There are many organizations like Counseling In Schools that exist to support the growth and success of children and families in New York City schools. We have had the good fortune to work alongside many of them for over 30 years, but few have engaged with us as true partners in the manner that Partnership with Children has. From co-writing curricula to co-creating workshops to co-writing grants, we share resources with one another in the spirit of developing the best services we can for the children, families and school communities that we serve.
When I saw the announcement that Rizzoli publishing was releasing Partnerships: Stories from Partnership with Children I knew this would provide an important point of reference for the impact of the work we all do.
I am honored to sit with Margaret Crotty, the CEO of Partnership with Children, on a panel at the launch of this book to discuss its positioning as the major contribution to education policy dialogues that I believe it should be.
Here is how I arrive at this opinion:
How are we measuring the success of children in school? In most city documents, news reports and public forums, data drives a narrative that generally culminates with many children labeled as failing. It is easy to see why data – grades, test scores and graduation rates – dominates the policy landscape, as it is simple to compile and can be quickly translated into focal points of actions designed to turn failures into successes.
While data is important and expedient for policy purposes, there is an equally important and complementary narrative, that community-based organizations like ours know intimately, which provides a more qualitative understanding of what children and parents actually experience as a success. This narrative is complex, personal, difficult to compile and needs time to fully bloom. Neglecting children’s lived experiences in schools in favor of a single numerical story is what I believe leads to failed policies and misdirected interventions.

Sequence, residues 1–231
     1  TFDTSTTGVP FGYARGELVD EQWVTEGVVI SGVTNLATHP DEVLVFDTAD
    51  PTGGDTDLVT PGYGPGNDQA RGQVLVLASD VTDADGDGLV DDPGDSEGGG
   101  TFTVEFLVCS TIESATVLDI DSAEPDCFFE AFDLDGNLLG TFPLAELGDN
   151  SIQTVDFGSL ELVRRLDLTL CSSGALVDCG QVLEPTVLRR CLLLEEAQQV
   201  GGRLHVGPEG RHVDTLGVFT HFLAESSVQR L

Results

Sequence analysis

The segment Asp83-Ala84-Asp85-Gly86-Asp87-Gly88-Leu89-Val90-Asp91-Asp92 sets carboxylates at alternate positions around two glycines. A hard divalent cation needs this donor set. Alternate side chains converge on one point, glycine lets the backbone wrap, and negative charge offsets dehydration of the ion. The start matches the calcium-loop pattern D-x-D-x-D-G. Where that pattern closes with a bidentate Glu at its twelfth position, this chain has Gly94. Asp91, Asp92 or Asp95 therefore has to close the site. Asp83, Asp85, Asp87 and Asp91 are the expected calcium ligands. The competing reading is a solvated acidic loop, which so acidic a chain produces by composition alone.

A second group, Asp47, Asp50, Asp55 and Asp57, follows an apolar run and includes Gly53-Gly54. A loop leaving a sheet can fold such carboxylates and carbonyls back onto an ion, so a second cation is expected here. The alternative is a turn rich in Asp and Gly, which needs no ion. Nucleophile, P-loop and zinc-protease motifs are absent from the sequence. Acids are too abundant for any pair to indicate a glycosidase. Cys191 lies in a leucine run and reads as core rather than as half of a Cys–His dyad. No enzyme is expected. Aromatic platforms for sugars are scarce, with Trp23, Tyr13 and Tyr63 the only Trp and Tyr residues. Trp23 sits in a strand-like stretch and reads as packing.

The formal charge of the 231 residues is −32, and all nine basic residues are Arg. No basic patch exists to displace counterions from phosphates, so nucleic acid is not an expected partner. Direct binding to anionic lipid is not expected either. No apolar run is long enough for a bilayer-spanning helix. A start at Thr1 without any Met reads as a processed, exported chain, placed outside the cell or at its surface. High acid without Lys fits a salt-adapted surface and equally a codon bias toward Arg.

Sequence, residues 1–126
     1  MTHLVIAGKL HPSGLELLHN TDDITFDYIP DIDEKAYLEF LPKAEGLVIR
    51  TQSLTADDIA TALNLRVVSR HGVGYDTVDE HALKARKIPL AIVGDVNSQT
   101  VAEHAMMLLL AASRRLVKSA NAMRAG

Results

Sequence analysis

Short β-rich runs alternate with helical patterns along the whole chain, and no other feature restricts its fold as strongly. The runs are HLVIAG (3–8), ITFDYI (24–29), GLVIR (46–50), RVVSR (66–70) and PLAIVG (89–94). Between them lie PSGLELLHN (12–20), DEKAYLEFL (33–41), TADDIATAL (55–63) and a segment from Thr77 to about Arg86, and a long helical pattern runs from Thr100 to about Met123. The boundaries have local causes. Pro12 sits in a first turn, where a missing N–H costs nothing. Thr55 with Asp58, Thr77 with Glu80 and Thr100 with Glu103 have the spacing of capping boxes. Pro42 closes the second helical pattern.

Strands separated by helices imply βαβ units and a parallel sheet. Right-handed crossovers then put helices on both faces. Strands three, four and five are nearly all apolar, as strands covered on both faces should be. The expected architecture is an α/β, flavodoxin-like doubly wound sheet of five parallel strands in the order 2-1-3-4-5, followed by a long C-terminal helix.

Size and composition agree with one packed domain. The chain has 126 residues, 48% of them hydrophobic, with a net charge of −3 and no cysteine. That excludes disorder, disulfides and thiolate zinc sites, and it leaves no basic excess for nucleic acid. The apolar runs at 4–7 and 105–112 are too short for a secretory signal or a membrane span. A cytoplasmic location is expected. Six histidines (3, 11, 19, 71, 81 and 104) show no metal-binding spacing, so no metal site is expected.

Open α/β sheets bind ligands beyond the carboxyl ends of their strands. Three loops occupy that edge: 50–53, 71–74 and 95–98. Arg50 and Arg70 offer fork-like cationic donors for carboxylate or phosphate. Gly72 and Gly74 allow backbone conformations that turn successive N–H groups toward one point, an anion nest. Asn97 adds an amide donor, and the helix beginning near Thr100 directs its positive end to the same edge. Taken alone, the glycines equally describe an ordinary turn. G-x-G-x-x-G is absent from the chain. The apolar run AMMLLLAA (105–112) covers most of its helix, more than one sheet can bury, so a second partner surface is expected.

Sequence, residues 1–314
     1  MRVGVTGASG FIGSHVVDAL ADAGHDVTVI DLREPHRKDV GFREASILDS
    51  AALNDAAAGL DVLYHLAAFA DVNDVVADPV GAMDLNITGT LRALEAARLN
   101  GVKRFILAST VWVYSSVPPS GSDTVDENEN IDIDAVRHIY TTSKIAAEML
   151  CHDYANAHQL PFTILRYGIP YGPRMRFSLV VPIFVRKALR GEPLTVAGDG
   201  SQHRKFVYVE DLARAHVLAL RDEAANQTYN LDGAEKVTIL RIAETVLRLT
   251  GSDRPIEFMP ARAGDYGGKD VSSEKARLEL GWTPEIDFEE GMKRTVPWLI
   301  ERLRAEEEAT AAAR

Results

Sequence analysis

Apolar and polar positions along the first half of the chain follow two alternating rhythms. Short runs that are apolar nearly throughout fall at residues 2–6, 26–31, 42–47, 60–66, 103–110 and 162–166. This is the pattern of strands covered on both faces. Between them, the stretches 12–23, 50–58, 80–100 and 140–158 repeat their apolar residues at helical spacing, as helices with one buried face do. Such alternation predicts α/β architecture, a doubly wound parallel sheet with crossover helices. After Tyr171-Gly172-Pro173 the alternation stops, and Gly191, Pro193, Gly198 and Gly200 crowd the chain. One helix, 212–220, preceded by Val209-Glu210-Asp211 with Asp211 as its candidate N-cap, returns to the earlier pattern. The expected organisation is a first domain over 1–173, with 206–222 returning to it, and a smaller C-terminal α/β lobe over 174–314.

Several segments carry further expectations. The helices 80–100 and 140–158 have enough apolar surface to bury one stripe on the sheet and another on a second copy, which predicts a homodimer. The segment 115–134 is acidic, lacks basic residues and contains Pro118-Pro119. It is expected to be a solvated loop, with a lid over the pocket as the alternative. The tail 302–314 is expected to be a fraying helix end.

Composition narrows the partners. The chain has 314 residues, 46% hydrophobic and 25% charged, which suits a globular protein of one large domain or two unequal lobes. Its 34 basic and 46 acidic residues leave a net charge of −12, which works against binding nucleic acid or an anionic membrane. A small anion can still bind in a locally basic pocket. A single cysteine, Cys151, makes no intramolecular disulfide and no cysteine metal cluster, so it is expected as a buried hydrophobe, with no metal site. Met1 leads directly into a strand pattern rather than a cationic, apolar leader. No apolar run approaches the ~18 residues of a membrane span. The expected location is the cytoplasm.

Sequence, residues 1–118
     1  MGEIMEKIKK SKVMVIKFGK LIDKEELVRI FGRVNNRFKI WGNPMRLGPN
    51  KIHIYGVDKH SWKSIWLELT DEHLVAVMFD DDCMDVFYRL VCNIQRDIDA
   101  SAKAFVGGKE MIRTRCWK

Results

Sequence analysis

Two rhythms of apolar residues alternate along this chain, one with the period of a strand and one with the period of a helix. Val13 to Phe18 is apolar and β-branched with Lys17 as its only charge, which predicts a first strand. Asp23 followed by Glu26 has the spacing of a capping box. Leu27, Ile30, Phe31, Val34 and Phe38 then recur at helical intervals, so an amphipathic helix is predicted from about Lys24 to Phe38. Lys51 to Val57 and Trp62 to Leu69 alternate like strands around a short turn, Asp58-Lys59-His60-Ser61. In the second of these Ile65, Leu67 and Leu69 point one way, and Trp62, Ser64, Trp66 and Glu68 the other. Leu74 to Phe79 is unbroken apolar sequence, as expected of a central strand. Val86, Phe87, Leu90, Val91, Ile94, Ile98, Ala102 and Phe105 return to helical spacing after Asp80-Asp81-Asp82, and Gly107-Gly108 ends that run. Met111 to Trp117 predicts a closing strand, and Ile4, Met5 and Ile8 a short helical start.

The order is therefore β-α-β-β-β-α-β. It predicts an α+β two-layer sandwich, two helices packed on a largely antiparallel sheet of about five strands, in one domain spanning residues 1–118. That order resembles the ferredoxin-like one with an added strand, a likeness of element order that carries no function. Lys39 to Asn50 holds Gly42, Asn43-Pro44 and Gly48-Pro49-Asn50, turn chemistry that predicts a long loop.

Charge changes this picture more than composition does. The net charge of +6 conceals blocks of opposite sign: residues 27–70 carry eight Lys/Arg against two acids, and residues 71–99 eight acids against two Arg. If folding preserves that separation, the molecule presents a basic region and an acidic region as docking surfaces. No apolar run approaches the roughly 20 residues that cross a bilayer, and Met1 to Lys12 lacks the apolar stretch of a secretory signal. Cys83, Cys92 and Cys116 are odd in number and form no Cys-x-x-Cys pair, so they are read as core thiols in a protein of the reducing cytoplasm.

Partnerships: Stories from Partnership with Children, offers a rare and important opportunity to see the images and hear the words of children that reveal an indispensable truth: it is the relationships they develop with caring adults over time that bring about success. The authenticity of the subjects captured on these pages offers well-focused snapshots into the universe of successful educational experiences that is generally only visible to those of us working on the front lines. To read an eighth grader’s words that describe her connection to a counselor which lead to her success in math, or to see an image of resolve on the face of a high school senior who joined a support group that communicates his determination to change the world, is to receive vital clues for where our investments in education should be made and what policies we should follow. Simply put, it is the people we put in place to support children that matter most when it comes to their success.
I am proud of our partnership with Partnership with Children and I am doubly proud to have an association in a limited manner with this book. If you have a comment and/ or would like to receive a copy of the book, send us a request through email@example.com and I will do my best to get one to you.
All the best,
Kevin Dahill-Fuchel, LCSW